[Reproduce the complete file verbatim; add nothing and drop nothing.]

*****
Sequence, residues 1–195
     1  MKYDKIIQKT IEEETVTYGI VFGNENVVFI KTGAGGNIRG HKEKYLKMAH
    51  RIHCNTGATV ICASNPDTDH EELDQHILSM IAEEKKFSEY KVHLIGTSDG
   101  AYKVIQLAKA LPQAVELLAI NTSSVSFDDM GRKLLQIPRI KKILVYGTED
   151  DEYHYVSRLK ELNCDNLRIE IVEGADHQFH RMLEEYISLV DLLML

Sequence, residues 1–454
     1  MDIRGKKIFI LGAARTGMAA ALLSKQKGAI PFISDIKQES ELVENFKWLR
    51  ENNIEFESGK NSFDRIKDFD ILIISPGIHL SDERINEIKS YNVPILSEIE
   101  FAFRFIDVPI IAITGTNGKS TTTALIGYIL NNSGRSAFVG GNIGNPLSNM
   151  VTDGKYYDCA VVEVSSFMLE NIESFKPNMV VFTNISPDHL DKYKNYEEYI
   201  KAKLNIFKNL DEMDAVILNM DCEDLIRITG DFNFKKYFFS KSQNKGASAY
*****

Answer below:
Sequence, residues 1–195
     1  MKYDKIIQKT IEEETVTYGI VFGNENVVFI KTGAGGNIRG HKEKYLKMAH
    51  RIHCNTGATV ICASNPDTDH EELDQHILSM IAEEKKFSEY KVHLIGTSDG
   101  AYKVIQLAKA LPQAVELLAI NTSSVSFDDM GRKLLQIPRI KKILVYGTED
   151  DEYHYVSRLK ELNCDNLRIE IVEGADHQFH RMLEEYISLV DLLML

Sequence, residues 1–454
     1  MDIRGKKIFI LGAARTGMAA ALLSKQKGAI PFISDIKQES ELVENFKWLR
    51  ENNIEFESGK NSFDRIKDFD ILIISPGIHL SDERINEIKS YNVPILSEIE
   101  FAFRFIDVPI IAITGTNGKS TTTALIGYIL NNSGRSAFVG GNIGNPLSNM
   151  VTDGKYYDCA VVEVSSFMLE NIESFKPNMV VFTNISPDHL DKYKNYEEYI
   201  KAKLNIFKNL DEMDAVILNM DCEDLIRITG DFNFKKYFFS KSQNKGASAY